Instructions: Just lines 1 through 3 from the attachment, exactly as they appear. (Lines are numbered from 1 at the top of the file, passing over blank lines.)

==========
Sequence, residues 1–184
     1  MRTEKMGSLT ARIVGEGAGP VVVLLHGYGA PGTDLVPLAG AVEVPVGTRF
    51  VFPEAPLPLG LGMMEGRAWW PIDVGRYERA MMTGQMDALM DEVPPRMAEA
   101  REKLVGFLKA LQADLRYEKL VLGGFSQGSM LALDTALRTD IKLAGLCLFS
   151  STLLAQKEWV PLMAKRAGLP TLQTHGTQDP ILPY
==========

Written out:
Sequence, residues 1–184
     1  MRTEKMGSLT ARIVGEGAGP VVVLLHGYGA PGTDLVPLAG AVEVPVGTRF
    51  VFPEAPLPLG LGMMEGRAWW PIDVGRYERA MMTGQMDALM DEVPPRMAEA